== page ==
Locals fight Chevron's deep-sea port


Residents of Nakhon Si Thammarat's Tha Sala district and environmental activists have accused authorities of going ahead with plans to build a deep-sea port in the area based on an assessment report containing inaccurate information.

They also slammed the developer for ignoring the concerns of residents and fisherman, who believe the port will devastate their livelihoods.

They claimed that the Natural Resources and Environmental Policy and Planning Office (Onep) approved an environmental and health impact assessment which contained "incorrect information".

Prasitchai Noonuan, coordinator of the Network of Food Sources Protection in Nakhon Si Thammarat, said that the assessment played down the potential effects of the deep-sea port. It states, for example, that it would only affect nine families and 20 fishing boats in the area.

"Thousands of families in the seafood business will be affected," he said, adding that the industry in Tha Sala generates over 390 million baht in income a year.

The US oil company Chevron plans to build a deep-sea port and chemical storage site in Tha Sala district. The project will support the company's oil drilling and exploration work in the Gulf of Thailand.

The port will stretch 330m out into the sea.

Onep's technical committee approved the environmental assessment report in September. The report will be forwarded to the Independent Commission on Environment and Health, which will then make a recommendation to the Marine Department on whether to grant a construction permit for the project.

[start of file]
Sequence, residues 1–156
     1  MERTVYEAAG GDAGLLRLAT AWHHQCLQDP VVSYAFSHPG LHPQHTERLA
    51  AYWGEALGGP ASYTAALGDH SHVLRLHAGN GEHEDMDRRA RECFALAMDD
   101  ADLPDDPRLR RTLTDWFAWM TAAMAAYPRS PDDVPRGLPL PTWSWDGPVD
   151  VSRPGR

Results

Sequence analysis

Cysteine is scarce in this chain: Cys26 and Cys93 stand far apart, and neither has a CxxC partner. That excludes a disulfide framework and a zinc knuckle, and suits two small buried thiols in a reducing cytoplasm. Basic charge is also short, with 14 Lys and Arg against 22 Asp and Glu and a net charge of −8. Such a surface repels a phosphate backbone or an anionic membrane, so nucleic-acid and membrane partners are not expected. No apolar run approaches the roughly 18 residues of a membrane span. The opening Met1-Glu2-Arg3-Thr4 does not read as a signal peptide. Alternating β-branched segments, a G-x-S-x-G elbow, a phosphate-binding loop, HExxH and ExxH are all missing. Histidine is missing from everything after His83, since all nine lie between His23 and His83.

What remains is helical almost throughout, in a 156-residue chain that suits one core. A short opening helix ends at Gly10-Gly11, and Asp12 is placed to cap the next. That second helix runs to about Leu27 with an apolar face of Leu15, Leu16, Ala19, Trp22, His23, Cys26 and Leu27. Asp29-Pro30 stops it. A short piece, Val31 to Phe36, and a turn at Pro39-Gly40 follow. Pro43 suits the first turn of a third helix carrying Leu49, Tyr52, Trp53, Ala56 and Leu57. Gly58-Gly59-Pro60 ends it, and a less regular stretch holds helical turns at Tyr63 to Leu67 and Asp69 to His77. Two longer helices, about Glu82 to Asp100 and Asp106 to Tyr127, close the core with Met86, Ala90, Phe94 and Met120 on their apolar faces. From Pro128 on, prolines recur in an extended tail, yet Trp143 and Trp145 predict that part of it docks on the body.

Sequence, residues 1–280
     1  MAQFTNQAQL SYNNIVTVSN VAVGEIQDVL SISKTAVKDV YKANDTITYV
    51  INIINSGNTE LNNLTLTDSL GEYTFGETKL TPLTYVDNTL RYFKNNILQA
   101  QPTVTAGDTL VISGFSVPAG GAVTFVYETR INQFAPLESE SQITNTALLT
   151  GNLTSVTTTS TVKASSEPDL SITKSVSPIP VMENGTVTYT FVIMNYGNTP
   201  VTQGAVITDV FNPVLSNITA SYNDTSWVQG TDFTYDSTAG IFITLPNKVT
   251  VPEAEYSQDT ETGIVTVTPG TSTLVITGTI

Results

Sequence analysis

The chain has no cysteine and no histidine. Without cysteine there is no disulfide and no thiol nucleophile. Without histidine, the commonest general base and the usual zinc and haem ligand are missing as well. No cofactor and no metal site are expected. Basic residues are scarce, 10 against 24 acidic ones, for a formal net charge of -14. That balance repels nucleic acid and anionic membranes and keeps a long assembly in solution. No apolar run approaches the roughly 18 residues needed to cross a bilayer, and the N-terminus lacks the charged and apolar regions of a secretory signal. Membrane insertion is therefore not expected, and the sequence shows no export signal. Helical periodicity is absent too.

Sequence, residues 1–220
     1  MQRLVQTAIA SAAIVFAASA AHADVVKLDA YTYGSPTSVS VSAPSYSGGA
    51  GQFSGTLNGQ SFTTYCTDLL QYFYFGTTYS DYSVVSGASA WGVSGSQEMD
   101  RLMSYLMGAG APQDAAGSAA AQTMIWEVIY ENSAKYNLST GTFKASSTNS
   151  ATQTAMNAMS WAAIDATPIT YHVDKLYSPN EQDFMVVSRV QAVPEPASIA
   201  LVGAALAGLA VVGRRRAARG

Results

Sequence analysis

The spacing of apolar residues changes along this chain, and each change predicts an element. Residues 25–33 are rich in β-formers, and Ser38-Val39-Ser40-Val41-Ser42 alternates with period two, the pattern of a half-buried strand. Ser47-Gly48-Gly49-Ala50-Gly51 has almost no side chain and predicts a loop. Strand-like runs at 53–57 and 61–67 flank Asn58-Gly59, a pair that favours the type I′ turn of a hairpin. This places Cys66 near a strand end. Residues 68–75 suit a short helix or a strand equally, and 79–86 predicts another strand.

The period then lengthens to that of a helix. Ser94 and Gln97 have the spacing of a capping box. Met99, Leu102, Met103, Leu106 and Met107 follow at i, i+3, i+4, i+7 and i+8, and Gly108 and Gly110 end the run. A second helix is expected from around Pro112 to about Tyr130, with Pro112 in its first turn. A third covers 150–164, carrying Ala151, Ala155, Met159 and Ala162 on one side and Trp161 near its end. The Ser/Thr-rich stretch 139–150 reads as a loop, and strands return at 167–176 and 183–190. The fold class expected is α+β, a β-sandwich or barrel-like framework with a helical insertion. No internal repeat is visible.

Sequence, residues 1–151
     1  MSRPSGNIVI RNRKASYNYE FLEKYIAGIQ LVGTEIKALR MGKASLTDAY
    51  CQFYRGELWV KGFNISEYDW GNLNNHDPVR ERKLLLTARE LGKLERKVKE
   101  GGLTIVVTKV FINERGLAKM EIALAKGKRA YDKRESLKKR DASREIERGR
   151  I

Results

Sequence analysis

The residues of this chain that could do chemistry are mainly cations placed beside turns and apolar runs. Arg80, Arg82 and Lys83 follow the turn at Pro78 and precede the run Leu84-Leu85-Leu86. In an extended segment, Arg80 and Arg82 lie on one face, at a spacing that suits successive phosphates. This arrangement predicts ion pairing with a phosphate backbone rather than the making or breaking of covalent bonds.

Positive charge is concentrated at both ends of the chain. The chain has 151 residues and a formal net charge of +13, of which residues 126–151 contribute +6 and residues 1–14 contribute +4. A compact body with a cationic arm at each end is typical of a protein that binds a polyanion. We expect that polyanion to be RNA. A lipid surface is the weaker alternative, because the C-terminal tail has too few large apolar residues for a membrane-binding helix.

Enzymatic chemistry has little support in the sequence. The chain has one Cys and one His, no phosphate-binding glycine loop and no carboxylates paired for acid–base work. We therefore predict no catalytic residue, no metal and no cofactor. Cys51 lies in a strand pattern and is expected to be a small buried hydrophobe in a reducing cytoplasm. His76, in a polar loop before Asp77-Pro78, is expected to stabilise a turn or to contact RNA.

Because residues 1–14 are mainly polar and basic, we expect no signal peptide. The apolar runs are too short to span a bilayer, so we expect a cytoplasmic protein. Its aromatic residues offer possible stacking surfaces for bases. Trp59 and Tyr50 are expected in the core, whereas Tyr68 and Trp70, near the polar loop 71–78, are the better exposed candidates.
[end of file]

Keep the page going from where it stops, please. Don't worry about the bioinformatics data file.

Locals yesterday voiced their concerns over the project at a forum held by the National Health Commission Office. They said the project will have a grave impact on one of the country's most fertile seafood sources as well as local fishermen.

Charoen Toh-etae, vice-chairman of Ban Nai Thong Conservation Group, said although the project is awaiting final approval, fishermen had already been banned from the construction site.

"The deep-sea port will destroy our fishing careers and our livelihoods. Large vessels and busy marine traffic will chase marine animals away," he said.

Paranee Sawadirak, a member of the Civil Society Planning Network, said Tha Sala had been declared a green zone under Nakhon Si Thammarat's new city planning. This means industrial activities are not allowed in the area.

"Nakhon Si Thammarat is following in the footsteps of Rayong's Map Ta Phut. It all begin there with a deep-sea port and then a petrochemical industry and then pollution," she said.

The locals also feared the deep-sea port would change water currents and lead to coastal erosion.

Onep secretary-general Santi Boonprakup insisted the agency had carefully considered the assessment report and had verified the information provided by the project developer.

About the author

Writer: Apinya Wipatayotin
Position: Reporter